Then I found the art gallery, not 15 minutes walk away. It was an extremely beautiful and well preserved Ottoman bath with 4 main rooms, discreetly plastered inside so that interesting structural and decorative brickwork remained exposed. It was a wonderful environment displaying a small assortment of modern Yugoslavian paintings.

Tuesday, February 21, 2012

My latest eBook, Ottoman Beachcomber

Ottoman Beachcomber, Travels in the Balkans and Turkey, 1983.

The world was a very different place in 1983, at least in Yugoslavia, Greece, and Turkey. In Ottoman Beachcomber you will go on travels in a simpler time to places innocent and charming. Join me as I outrun demons that are chasing me, dance in morning dew with unknown women, walk across borders in the dead of night, find my estranged wife in a 15th century Ottoman marketplace, and explore delightful villages far off the beaten trail.

Here's the cover of the book:

Friday, February 17, 2012

Forgive my nostalgia

While working on xhtml and css coding, and latest excursions in the Atternen Jewz Talen, my screen slideshow-background made me stop and sigh...

These, 3 of my favorite pics, of Nancy Naomi and her boys:

NM's graduation day from U. Penn, PhD, mid 80's, and *I* get to hold the diploma!

On Gert's patio, late 80's, with that, already, amazing guy, Josh.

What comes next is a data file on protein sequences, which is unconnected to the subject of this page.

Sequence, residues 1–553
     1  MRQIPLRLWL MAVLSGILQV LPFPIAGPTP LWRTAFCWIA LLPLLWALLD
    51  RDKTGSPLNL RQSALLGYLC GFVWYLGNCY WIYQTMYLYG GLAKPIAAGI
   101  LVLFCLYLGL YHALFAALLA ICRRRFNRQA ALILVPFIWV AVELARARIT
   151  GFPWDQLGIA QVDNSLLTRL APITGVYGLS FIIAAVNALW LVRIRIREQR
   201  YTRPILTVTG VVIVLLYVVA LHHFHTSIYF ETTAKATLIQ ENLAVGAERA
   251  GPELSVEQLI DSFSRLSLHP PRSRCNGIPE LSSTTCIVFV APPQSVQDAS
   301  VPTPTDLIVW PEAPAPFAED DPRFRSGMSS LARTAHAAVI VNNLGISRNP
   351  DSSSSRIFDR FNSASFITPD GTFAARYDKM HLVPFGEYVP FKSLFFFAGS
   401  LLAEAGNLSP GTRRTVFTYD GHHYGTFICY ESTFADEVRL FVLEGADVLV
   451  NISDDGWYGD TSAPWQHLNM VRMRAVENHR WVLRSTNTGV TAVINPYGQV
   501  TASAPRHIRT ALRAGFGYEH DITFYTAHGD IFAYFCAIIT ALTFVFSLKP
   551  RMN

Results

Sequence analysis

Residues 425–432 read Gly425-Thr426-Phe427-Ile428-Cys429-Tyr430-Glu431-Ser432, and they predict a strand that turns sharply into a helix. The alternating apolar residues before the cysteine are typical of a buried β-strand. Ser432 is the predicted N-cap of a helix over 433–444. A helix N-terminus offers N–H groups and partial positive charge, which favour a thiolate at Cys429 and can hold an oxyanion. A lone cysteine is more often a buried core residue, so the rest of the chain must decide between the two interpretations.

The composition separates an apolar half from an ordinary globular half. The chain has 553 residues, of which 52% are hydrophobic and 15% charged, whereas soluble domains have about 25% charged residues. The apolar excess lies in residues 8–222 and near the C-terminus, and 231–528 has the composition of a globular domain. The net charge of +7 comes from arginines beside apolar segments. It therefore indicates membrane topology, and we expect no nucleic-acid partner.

On the grandstands behind our Victoria house, mid 90's: that incredibly cute munchkin with his mom.


Thursday, February 09, 2012

2 new ebooks of my writings

I have been working with a cloud-software package called Vook, now in beta (and very nice to use) to produce two short ebooks (about 30 pages each).

The first is the opening scenes of The Atternen Jewz Talen, Era 1. The text is presented in both stevespell and normspell, stanza by stanza. Also, each stanza is followed by an embedded audio file, giving a reading of the stanza. If you hear it as you read along, I think you'll be amazed that the text is really quite accessible, in spite of appearances.

Here's the book's cover:
The second book is A Pilgrimmage Tu Jerusalem, Fragment of a letter from a pilgrim tu his rebbe. This is an amazing text I discovered many years ago. I won't say much about it here, except that it's a letter I found, and compared to my poetry, it's easy reading. Here's the cover image from the book:

Both books are also liberally, and dare I posit, attractively illustrated. I think they're very beautiful books to look at and to read. We are in the midst of a Gutenberg transition in the nature of books, and while I have heard many people bemoan the demise of the physical book -- its beauty, its art, its texture, its feel and smell -- and while I too am in love with physical books (having written, calligraphed, printed, bound, and conserved them over the years), the ebook is a great new adventure in books and reading. And I hope to keep my own ebooks at the forward edge of the art, rich in ideas, beauty and utility.

Contact me if you'd like an epub version, readable on iPads, Nooks, or with Calibre and other software packages on your computer. My email address is in the right margin of this blog, just below the "About Me" text.